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Politics Foreign Affairs Culture Fellows Program

Is Gretchen Whitmer’s Surrogacy Law Too Extreme for Voters?

Michigan is the latest state to legalize womb rental in the guise of family-friendly policy.

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Three weeks ago, Michigan became one of the most friendly places in the country for commercial baby-making. It is no surprise, under its current Democratic leadership in the legislature and executive, that Michigan chose to defend the surrogacy industry and LGBT special interest groups over women and children. It is, however, a monumental change for the state, the true ramifications of which may only be visible in years to come. Overriding a 1988 law that made any form of contractual surrogacy arrangement punishable by fine and/or jail time, the new bill permits all forms of commercial surrogacy that align with “best practices,” as defined by an unelected medical and legal establishment.  

Money and identity politics are strong medicine, perhaps the two most effective motivators for politicians today. It is no surprise that Michigan went with the flow. The surrogacy industry is projected to be worth $129 billion in the next 10 years, up from $14 billion in 2022. Legalizing it will bring the Wolverine State an influx of taxable dollars. At the same time, the LGBT lobby has moved well past its “just let us marry” phase to decrying anything less than fertile women renting out their wombs as bigotry. Every gay couple, unmarriageable single, or man in drag has a right to play house with real, live human souls; the only possible injustice is how much it costs them to pay for all the parts, or so we are told. A third incentive, no less influential, is that old blackjack of the spirit: peer pressure. In every state in the nation, with the exception of Louisiana and Nebraska, commercial surrogacy contracts are either protected by law or assumed to be legal because no statute explicitly bans them. 

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Michigan falling to the surrogacy lobby is so consequential because of commercial surrogacy, paying women to rent out their wombs. Though surrogacy advocates say women gestate children for others out of the kindness of their hearts, the industry all but disappears when women are not permitted to be paid for the use of their wombs. Thus, while Louisiana and Nebraska technically permit a few very narrow instances of unpaid surrogacy, the effect is close to a total ban. 

Prior to April, only Michigan banned surrogacy outright. The fall of this last symbolic hurdle is a harbinger of what happens when such weighty questions as the power to create children at will—and destroy them, for that matter—are left to the states to decide. As Stephanie Jones, founder of the innocuously named Michigan Fertility Alliance, put it, “We hope Michigan can serve as an example for other states where outdated laws still leave families vulnerable.”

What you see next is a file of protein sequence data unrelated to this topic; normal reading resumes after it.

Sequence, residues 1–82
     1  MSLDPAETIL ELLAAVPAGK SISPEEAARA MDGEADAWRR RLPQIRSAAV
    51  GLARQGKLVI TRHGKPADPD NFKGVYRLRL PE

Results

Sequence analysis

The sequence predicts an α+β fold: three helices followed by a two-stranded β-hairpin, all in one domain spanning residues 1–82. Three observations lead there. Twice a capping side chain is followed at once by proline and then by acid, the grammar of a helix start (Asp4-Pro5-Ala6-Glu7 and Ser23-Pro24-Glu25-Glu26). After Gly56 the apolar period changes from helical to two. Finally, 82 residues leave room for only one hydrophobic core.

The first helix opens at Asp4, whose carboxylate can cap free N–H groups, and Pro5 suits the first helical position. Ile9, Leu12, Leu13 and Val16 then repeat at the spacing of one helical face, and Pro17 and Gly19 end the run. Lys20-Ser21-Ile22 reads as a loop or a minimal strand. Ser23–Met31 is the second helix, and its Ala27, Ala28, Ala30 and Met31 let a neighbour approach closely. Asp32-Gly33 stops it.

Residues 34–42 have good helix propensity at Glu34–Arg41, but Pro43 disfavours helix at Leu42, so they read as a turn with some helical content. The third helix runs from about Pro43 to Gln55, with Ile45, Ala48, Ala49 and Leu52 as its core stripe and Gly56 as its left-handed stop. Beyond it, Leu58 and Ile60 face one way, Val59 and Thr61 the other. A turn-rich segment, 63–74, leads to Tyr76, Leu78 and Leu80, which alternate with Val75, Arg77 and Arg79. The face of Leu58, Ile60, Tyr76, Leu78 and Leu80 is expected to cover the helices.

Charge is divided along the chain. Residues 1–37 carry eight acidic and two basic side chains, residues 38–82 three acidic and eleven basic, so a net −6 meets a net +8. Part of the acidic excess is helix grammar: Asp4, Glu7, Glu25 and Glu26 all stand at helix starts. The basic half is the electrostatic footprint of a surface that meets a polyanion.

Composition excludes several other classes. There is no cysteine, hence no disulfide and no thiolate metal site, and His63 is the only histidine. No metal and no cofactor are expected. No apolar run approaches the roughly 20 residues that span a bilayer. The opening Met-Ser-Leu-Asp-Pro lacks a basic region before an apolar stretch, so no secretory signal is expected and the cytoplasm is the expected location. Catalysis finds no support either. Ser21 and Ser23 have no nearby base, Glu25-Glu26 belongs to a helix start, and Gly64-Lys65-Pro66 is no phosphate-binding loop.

It may be years before we see the full effect. Gestational surrogacy, in which the egg is purchased from a third party or extracted from one of the paying couples, rather than supplied by the gestating surrogate mother, is still very new. As such, those born of such arrangements are mostly too young for long-term effects to be clearly assessed. Women like Jessica Kern, however, born of “traditional” surrogacy, in which the surrogate mother is also biologically related to the child, have already spoken out about the childhood trauma they endured as a result of their confused genetic makeup and upbringing. Predictably, like adopted children, surrogate children often wrestle with feelings of confusion, disillusionment, depression, or anger over their origins.  

This hasn’t stopped surrogacy advocates from calling Michigan’s new surrogacy provisions both “family-focused” and “safe.” What is meant by “family-focused” is that anyone may now purchase and rent the materials needed to purchase a baby—no background checks, home checks, or personal references required. What is meant by “safe” is that those who want to become parents in this way are finally allowed to put their names on the birth certificate even when, in some cases, their contribution to the creation of a new human was exclusively financial. 

It is easy to see how such logic merges naturally with another fight around reproduction that is happening in countless other states this year, the fight over a right to family destruction. Where in vitro fertilization provides a positive means of control over childbearing, abortion provides the negative. Where surrogacy demands multiple human embryos be created that the fittest might survive, abortion provides a tidy disposal for the extra babies. And, of course, both abortion and surrogacy are hot button issues which politicians at the national level have thus far preferred to leave to local leaders, or direct democracy, to decide. 

The powers of creating life and destroying it are far too dangerous to be left to the whims of Big Pharma–backed medical associations and those who stand to benefit from couples using expensive, invasive procedures rather than cheaper, more natural ones.